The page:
How messed up is that, right? It still takes the film a long 97 minutes (that’s it? It seemed to drag little more than that) to get to the payoff, but it does set the film up a little higher. Normally the gumshoe tells the femme fatale all about how she set the whole shebang up, then has her arrested and walks off, either brokenhearted but wiser, or with the good girl. Not this time.

And that’s probably why this film has aged as well as it has. It’s one thing to deliver a lukewarm theme about the inescapability of the past- it’s another to show it like that, especially back in the studio age, when people probably liked downer endings even less than they do now.


Overall- Should It Be Higher? Lower?:

Clearly, this being the first film on the list, I can’t particularly say I take issue with its ranking in one way or another. I found myself ambivalent until the very end, mostly because I’m so familiar with mechanics of the genre these days that it all comes across as wheel spinning. It’s not the movie’s fault so much as 60 years of perspective and dissemination.

The Legacy:

Here’s a fun chain of events: this film has been remade once “in spirit” as Città Violenta starring Charles Bronson, and once for real in 1984. That remake starred Jeff Bridges and Rachel Ward (including Jane Greer as Ward’s mother!), and was titled Against All Odds. The theme song of the film? Yep, the Genesis song itself.

So when I saw the title Out Of The Past I was just like “huh, never heard of it,” when in fact it was the movie that spawned the remake that inspired the song that I have a Postal Service cover of on my ipod! Small world, huh?

But seriously, this is high in the film noir pantheon, with the iconic performances of the two leads, a great ending, and some nice cinematography to set it apart. It was apparently enough of a cultural touchstone that when Robert Mitchum hosted an episode of Saturday Night Live forty years later they brought Jane Greer in for a sketch spoofing the film. Wha? It's also the number 17 Film Noir of all time on IMDB, which means we get to revisit the genre sixteen more times before this is over.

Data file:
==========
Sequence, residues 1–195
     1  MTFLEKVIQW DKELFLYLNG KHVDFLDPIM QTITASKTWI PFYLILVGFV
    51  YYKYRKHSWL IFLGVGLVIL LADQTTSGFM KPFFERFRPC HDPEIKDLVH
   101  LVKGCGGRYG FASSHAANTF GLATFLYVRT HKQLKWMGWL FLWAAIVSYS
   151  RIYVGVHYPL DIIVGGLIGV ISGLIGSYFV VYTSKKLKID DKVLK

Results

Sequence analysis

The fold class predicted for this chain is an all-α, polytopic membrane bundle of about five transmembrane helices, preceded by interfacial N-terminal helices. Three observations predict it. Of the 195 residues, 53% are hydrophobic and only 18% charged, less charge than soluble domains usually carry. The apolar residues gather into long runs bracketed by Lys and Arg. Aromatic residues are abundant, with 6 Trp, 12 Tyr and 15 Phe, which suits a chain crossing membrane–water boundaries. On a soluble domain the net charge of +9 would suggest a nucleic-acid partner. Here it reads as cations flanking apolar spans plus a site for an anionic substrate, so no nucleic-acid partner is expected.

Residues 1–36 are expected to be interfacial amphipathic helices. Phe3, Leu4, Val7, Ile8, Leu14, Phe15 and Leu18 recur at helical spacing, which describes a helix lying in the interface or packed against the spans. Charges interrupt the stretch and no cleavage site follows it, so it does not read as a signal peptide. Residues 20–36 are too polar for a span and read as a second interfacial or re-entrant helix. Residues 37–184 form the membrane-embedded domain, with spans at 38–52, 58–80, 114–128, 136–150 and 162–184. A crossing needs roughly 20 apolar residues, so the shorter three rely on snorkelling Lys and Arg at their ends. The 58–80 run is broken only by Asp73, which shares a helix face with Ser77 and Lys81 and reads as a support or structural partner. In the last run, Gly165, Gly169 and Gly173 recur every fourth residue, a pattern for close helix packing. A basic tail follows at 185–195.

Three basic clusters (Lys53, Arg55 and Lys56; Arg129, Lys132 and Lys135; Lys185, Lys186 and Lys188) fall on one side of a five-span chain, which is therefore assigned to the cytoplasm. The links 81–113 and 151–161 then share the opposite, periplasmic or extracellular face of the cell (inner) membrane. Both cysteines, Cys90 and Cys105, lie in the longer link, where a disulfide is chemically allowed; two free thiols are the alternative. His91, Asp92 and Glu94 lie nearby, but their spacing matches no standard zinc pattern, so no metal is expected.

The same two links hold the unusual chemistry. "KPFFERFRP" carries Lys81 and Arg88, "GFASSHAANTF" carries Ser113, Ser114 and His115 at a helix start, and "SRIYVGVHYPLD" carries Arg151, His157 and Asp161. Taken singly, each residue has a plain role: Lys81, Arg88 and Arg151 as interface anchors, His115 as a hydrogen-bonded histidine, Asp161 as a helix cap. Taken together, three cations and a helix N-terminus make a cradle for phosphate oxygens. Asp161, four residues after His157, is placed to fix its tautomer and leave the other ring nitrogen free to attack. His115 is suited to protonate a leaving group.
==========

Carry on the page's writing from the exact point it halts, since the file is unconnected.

It’s also a direct forerunner of David Cronenberg’s A History Of Violence- they both start with tough guys with shady pasts, working in a small town with pretty blond girlfriends/wives, trying to move on until a no-goodnick in a suit shows up and ruins the party. They even both have a quaint little diner where everybody knows our hero’s fake name. They diverge from there however, as History takes the question of facing your past in a much more thriller-genre, bloody-remains-of-your-nose sort of direction that just wasn’t open to filmmakers in the forties.

It’s the career zenith of both the leading man and lady, and arguably the director unless you’re a big fan of Night Of The Demon. In any case, it’s great start, and I can’t wait for the next 249. We’re off!

The Best Clip YouTube had of it:

In lieu of a clip of the film, would you believe that there's a montage of shots set to "Against All Odds"? Because there is! I guess the relevance is that it's like the bad girl saying to our hero that it's against all odds that he'd come back to her, what with the murder and frame up business. Kind of odd, but maybe her character is more sympathetic in the remake.

Leftover thoughts:

  • My favorite random part, though:Mitchum’s deaf helper kid at the gas station, ably played by Dickie Moore, jumps at the chance to help his boss when he runs afoul of the law and the crime-lord.There’s one scene where the deaf kid’s fishing while waiting to meet Mitchum, sees a thug about to shoot, up on a cliff, and reels back, snags him with the fishing line and pulls the man off the cliff and to his death as he fires an errant shot!And then he doesn’t even tell Mitchum, who assumes the man just stumbled and fell, and this is never brought up again.Classic.
  • Kirk Douglas was also great as the smarmy villain, who says things like “I’m on my way to Mexico City, honest- I have to see a man about a horse.” Banter, forties style! I can't wait until I get to things like His Girl Friday in a few weeks.
(editorial note: due to the whim of the capricious internet, this has already fallen to number #251 and been replaced by Once. But since I've written plenty about that film in another time and place, and I worked on this business for awhile, I'm leaving it as is. As I sad, I'm working from a list I copied on July 3rd, 2008- so while the order might be different than the present incarnation of the list, this will hopefully be the only one that's fallen off.)

1 Response to "IMDB #250: Out Of The Past"

  1. Who's this Wall-e kid and how did he crack the top 20 in a single week?